For years, international hockey has been filled with battles between the game’s so-called Big Seven countries – the two North American and five European teams that almost always top the podium at the end of every tournament.
Given recent developments in two of those hockey powers, however, the Big Seven could soon be down a couple charter members.
A second session at the world hockey summit on Tuesday focused on junior development in the hockey world, and depending on their country of origin, the various speakers offered starkly contrasting views.
The most compelling theatre of the afternoon came from Slava Lener, the director of national teams in the Czech Republic, who offered a frank assessment of the suddenly sorry state of Czech and Slovak hockey.
In a series of detailed charts and graphs, Lener highlighted how both countries are producing far fewer elite players than a decade ago, falling off drastically in players taken in the NHL draft and in results in international junior competition.
In one particularly glaring example, Lener revealed the number of players drafted out of Czech and Slovak leagues into the NHL has dropped to just one this past June from 22 in 2004.
“When I was doing the research, a lot of the numbers surprised me,” said Lener, who helped coach the Czechs to their greatest international triumph – a gold medal at the 1998 Olympics in Nagano. “I’m sure there were a lot of people surprised.”
A large portion of Lener’s speech on Tuesday focussed on the loss of roughly 30 young Czech and Slovak import players to the Canadian Hockey League every season, but he admitted in an interview after his presentation that that’s only one of many issues their development systems face.
“I’m far from blaming the CHL for bringing [European juniors]over here,” Lener said. “Obviously we have to pick it up. We have to work harder.”
A former assistant coach with the Calgary Flames and Florida Panthers, Lener said that one of the major causes for talent drain in his country is simply fewer players playing the game, with youngsters picking up less expensive sports such as soccer, golf and tennis in the past 15 years.
“We’ve lost a lot of players,” Lener said. “Ten years ago, we had 80,000 [junior]players, now we’ve got only 30,000.”
Those numbers are backed up by a falling Czech and Slovak influence in the NHL, where many of the top players from those countries are in their 30s and will retire in the near future. At the junior level, the Czechs and Slovaks placed seventh and eighth at the world juniors last January, narrowly avoiding relegation.
Lener’s grievances with the CHL drew some support on the panel from fellow European hockey executives Jan Filc, vice-president of hockey programs in Slovakia, and Tommy Boustedt, Sweden’s director of hockey development. Both agreed that losing players to North American junior leagues before they turn 18 is problematic in terms of building a development program.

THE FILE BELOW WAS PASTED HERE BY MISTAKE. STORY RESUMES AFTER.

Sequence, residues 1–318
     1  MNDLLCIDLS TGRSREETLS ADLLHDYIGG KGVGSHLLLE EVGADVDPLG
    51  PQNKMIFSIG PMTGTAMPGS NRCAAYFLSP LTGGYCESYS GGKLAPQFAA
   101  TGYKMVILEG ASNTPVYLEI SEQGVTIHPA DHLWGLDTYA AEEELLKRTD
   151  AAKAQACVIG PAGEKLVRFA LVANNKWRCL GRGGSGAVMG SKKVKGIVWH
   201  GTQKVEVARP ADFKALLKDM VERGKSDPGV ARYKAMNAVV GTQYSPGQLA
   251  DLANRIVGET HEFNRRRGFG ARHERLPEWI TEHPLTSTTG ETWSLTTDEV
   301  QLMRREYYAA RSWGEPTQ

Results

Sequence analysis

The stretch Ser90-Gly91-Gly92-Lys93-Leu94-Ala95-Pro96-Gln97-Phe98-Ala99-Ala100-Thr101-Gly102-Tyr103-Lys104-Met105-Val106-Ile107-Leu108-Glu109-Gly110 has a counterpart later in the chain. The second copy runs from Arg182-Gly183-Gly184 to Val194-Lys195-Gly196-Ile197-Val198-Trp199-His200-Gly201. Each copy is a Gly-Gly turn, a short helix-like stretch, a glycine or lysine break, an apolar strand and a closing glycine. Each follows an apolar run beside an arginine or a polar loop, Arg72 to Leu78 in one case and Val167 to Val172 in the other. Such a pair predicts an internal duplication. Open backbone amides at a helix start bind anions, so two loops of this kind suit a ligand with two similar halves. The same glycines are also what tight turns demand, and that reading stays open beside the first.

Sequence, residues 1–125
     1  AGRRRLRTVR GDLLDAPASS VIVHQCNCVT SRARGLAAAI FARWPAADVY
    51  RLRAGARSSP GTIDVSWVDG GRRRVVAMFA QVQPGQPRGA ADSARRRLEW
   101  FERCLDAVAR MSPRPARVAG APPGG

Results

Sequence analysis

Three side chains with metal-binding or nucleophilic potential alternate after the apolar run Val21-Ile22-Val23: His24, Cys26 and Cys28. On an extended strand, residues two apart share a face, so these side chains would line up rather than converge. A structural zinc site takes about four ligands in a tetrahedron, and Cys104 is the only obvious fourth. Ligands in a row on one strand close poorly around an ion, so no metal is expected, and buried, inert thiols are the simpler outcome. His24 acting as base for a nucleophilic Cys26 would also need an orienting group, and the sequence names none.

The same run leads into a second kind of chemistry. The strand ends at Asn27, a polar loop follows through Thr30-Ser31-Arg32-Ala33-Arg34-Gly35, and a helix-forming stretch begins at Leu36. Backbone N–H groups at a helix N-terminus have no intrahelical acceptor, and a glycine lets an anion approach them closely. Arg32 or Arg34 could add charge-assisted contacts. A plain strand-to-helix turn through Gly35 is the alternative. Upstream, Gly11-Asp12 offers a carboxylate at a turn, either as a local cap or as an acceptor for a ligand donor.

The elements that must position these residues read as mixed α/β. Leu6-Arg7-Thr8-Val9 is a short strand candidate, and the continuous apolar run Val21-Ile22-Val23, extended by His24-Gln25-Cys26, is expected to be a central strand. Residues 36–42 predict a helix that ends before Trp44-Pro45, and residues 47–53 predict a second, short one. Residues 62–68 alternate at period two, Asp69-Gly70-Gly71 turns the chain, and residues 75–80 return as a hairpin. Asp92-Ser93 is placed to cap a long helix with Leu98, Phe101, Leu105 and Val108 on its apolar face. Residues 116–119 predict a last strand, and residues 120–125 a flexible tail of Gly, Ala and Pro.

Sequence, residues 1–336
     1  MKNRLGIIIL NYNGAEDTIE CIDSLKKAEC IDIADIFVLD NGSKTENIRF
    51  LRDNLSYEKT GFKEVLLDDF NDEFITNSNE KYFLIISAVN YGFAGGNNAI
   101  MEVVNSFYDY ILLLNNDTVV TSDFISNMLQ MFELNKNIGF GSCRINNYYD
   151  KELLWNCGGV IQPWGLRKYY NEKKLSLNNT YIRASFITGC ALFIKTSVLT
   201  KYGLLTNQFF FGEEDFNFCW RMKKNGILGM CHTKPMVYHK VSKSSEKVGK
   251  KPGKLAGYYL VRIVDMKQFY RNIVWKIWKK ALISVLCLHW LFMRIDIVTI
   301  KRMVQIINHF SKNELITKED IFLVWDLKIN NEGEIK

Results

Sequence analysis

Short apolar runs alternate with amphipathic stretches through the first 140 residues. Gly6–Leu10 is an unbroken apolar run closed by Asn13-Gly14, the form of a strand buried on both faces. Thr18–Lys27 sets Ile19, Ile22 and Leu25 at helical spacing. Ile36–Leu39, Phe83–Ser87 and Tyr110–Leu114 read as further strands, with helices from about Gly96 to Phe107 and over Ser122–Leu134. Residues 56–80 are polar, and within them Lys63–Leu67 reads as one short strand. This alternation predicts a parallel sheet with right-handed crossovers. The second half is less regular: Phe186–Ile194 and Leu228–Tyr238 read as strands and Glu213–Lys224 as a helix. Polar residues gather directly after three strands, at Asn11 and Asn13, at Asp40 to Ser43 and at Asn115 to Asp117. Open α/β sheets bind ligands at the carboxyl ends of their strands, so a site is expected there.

“That system can break down,” Boustedt said. “If we lose too many players to North America too early, the elite clubs won’t finance this system. Then we can’t work with it.”
Representatives from the CHL, NHL and USA Hockey, meanwhile, were less sympathetic.
“I’ve always looked at [competition with]U.S. college hockey and appreciated the fact that they made us better,” Brandon Wheat Kings general manager and coach Kelly McCrimmon said. “We had to address things to make our program better so that we were the right alternative for every player, where we could be the best of both worlds.”
Even though Sweden manages to retain many of its young players, Boustedt offered a number of solutions for the teenage talent drain from Europe, advocating for CHL import players to be drafted at 18 instead of 16 and for NHL teams to have a four-year grace period to sign their prospects from overseas.
Another issue with young players coming to the CHL – and one not discussed at length at the summit – is that of development fees, which NHL teams pay to junior leagues based on the number of players they produce.
Because of a lack of a transfer agreement with several European countries, many are no longer compensated for players coming out of their system.
“There is no compensation,” Lener said. “When the player comes over here [to North America] at 16 or 17, there is not one single dollar coming into our bank account.”
International Ice Hockey Federation president René Fasel said the lack of funding is part of the problem.
“That’s what I try to tell my NHL friends all the time – it costs a lot of money to develop players in Europe,” Fasel said. “It’s a huge investment.
“We need this balance – it’s just not a product that you take and use and when it’s over you throw [it]away. Try to help us balance. [Europe]can produce stars, we can produce players – give them the means.”
IIHF vice-president Murray Costello ended the day’s discussion by saying he hoped the Czech program would find a way to rebound to help keep international hockey competitive.
“I would really like to see the Czech system come back because quality wise, over the last 30 years, the Czechs probably produced better than anyone in the game in the sense of the number of arenas and players they had,” Costello said. “The quality of product that came out of there was wonderful. For them to get back to that, we’re all beneficiaries of it.”Report Typo/Error